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An Analysis for the Whispering Gallery Modes on a Millimeter Wave Dielectric Disk Resonator by a Point Matching Method
Yoshiro TOMABECHI Yoshinori KOGAMI Mari MATSUBARA Kazuhito MATSUMURA
Publication
IEICE TRANSACTIONS on Electronics
Vol.E84C
No.10
pp.15541560 Publication Date: 2001/10/01 Online ISSN:
DOI: Print ISSN: 09168516 Type of Manuscript: Special Section PAPER (Special Issue on MillimeterWave Circuits and Fabrication Technologies Opening up the 21st Century) Category: Keyword: point matching method, whispering gallery mode, location of matching points, millimeter wave band, dielectric disk resonator,
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Summary:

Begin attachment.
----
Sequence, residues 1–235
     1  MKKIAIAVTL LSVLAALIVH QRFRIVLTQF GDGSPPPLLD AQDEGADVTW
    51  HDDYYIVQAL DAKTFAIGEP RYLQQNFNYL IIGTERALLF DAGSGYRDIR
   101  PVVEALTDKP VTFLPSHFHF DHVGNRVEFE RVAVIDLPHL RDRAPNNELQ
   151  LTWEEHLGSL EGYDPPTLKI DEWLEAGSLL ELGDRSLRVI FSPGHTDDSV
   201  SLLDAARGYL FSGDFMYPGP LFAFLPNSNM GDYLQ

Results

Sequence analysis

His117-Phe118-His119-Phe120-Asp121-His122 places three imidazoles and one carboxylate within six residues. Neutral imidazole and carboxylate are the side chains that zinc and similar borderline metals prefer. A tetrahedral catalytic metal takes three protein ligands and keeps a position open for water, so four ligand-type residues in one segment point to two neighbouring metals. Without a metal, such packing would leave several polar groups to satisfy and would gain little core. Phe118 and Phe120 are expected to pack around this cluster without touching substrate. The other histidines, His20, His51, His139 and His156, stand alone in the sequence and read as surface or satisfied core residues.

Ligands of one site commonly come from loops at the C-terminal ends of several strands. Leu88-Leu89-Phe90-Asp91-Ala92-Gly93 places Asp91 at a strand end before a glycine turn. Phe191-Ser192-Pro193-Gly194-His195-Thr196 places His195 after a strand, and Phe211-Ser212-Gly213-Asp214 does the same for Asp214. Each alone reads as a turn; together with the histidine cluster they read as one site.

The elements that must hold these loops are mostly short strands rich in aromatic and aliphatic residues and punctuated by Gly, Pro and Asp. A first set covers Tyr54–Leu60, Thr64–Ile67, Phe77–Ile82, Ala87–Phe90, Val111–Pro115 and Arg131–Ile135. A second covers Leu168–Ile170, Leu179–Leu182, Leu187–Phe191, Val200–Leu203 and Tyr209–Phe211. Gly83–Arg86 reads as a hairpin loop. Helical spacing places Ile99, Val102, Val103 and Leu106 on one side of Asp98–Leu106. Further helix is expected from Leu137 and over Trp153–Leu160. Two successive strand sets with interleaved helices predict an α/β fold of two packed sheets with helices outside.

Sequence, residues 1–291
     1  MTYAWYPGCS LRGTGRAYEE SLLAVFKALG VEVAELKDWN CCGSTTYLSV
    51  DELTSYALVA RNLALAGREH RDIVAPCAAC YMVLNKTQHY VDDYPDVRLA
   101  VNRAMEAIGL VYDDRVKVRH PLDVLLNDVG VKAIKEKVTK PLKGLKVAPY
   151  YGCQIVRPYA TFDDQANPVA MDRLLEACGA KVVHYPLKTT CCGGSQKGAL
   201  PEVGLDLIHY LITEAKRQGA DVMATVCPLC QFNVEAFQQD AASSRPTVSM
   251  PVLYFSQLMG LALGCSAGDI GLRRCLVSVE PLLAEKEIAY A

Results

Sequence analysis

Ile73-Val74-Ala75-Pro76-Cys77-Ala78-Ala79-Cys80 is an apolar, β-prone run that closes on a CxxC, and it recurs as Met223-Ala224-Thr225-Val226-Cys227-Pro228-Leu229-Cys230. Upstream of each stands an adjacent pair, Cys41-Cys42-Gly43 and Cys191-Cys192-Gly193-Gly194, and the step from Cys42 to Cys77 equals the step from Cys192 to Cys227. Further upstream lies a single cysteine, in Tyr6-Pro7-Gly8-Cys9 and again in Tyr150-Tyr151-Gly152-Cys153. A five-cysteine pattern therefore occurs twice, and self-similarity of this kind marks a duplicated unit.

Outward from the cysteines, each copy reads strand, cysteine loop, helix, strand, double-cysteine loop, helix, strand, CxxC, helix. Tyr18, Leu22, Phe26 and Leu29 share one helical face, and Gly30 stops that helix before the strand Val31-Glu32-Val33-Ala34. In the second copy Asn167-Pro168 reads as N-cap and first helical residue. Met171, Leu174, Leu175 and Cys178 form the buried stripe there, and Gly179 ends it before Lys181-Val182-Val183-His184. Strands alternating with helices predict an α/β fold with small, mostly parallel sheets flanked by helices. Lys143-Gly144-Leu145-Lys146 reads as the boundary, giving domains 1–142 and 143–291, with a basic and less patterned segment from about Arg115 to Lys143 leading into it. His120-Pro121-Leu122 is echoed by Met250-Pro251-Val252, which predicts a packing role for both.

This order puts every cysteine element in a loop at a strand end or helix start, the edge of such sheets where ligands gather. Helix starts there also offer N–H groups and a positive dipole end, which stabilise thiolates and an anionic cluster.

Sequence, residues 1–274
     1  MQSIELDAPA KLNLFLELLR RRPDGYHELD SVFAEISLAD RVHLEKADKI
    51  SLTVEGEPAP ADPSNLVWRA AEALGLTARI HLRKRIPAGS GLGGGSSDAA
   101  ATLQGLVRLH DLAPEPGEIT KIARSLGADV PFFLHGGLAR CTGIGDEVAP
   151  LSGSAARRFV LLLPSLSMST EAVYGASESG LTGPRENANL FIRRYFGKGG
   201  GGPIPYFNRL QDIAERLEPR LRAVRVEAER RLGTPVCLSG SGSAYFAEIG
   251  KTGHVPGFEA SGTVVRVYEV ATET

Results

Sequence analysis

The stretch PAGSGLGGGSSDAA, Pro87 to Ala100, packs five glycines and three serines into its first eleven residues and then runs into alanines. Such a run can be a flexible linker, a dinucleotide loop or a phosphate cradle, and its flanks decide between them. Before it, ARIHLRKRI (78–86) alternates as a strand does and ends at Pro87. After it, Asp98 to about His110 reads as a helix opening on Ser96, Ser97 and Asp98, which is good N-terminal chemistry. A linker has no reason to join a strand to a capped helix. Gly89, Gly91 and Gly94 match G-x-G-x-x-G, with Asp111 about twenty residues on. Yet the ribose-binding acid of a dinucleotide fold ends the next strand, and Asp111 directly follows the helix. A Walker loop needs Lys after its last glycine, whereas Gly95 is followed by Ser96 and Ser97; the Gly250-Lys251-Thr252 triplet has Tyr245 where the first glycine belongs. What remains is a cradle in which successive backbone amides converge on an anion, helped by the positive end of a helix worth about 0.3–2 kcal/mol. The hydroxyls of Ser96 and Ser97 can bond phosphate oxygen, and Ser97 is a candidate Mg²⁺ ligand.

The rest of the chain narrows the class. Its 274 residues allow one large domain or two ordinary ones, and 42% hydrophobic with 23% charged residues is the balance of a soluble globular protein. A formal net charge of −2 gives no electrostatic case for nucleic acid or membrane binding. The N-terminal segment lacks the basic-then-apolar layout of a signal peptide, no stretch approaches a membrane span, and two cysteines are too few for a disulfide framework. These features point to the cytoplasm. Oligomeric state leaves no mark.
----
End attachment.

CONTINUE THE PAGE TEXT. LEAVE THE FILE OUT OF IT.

Using a point matching method, we have numerically analyzed resonance frequencies and unloaded Q factor of whispering gallery modes in a millimeter wave region that are well known as an intrinsic mode of a dielectric disk resonator. We express field distributions of the resonance modes by a summation of spherical waves. Tangential electromagnetic fields inside the disk are matched to those outside the disk at appropriate matching points on a boundary. As the result, a 4N 4N (N; number of matching points) determinant is derived as an eigenvalue equation of the disk resonator. Since elements of the determinant are complex numbers, a complex angular frequency is introduced to make a value of the determinant zero. For a location of the matching points, we also introduce a new technique which is derived from a field expression of the whispering gallery modes. Since an azimuthal angle dependence of the field distributions with a resonance mode number m is presented by the associated Legendre function P_{n}^{m}(cos θ), we define abscissas θ_{i} of the matching points as solutions of P_{m+2N1}^{m} (cos θ) = 0. Considering the field symmetry, we also modify the eigenvalue equation to a new eigenvalue equation which is expressed (4N  2) (4N  2) determinant. From the results of our numerical analysis, we can find that the resonance frequencies and unloaded Q factor well converge for number of matching points N. A comparison of numerical results and experimental ones, in a millimeter wave band (50  100 GHz), shows a good agreement with each other. It is found that our analysis is effective for practical use in the same wave band.